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The goals with treatment are to resolve the nontuberculous mycobacteria (NTM) infection in the affected person and prevent further damage to tissues and organs. If there is evidence of widespread infection due to a common exposure, the medical community investigates the outbreak to find and eliminate the source of the infection(s). With leprosy, treatment is also necessary to prevent the spread of the infection.
The treatment of NTM infections is difficult and usually involves multiple antibiotics for prolonged periods of time. The length of treatment depends on the results of the AFB smears and cultures used to monitor the effectiveness of treatment. Where possible, NTM infections are best treated through surgical debridement (removal of damaged infected skin). In certain cases, such as an infected lymph node where the infection is localised, the surgical removal of the infected tissue may be curative.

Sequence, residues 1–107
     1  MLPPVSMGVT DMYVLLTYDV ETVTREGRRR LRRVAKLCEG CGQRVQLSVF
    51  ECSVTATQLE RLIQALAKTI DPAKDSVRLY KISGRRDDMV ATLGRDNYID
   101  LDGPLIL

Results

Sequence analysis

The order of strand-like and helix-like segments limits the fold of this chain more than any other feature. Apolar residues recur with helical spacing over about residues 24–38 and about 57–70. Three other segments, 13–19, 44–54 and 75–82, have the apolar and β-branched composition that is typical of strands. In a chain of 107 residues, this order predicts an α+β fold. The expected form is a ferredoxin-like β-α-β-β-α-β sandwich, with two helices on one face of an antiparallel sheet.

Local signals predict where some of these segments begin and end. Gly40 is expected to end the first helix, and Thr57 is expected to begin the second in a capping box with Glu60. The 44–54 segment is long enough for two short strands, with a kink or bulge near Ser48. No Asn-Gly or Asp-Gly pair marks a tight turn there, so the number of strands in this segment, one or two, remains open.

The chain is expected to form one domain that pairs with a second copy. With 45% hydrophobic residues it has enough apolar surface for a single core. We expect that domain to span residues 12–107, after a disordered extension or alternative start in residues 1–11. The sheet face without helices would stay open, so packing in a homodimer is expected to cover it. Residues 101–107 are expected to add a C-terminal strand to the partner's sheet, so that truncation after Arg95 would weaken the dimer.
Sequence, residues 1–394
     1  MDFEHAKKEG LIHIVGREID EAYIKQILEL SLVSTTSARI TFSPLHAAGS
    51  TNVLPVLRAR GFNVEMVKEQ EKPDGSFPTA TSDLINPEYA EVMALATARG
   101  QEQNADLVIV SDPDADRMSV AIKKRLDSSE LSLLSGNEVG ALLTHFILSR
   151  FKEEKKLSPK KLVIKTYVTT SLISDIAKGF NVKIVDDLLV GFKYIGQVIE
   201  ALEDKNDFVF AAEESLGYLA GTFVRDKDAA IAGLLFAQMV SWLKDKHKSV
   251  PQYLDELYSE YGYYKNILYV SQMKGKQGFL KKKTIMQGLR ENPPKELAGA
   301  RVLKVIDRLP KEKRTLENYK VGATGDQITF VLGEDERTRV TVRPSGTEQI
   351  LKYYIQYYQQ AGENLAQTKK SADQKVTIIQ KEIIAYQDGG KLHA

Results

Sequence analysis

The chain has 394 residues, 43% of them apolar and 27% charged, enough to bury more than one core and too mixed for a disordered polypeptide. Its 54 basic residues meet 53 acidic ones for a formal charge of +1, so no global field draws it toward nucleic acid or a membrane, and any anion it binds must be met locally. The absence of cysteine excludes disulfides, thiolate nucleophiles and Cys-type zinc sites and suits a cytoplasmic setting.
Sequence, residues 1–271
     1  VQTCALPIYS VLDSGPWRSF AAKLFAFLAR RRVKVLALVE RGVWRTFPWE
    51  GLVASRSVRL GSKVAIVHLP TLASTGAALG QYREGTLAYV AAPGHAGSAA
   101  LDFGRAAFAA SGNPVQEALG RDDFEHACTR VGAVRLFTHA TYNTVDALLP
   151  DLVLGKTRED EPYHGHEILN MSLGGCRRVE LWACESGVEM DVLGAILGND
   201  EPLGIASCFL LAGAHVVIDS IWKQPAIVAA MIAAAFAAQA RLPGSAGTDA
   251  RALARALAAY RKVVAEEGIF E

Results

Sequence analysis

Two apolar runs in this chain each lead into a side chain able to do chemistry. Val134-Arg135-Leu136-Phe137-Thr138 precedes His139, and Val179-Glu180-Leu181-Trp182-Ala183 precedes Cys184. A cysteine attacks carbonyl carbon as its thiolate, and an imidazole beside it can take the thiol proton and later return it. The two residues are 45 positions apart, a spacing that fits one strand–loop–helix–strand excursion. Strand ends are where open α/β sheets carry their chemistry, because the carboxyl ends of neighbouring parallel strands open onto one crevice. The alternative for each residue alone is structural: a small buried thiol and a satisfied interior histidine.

Although symptoms often resolve after several weeks, it is crucial that those affected continue to take their drugs for the time period recommended by their doctor. There are often a large number of mycobacteria to kill and it may take several months or longer to make sure that all of them have been eradicated. Many treatments for mycobacterial infections have a wide range of undesirable side effects which must be carefully monitored. People with NTM infections should be in close contact with their doctor, report any new sumptoms and follow their doctor's recommendations closely for the best management of their specific condition.
Last Review Date: June 7, 2017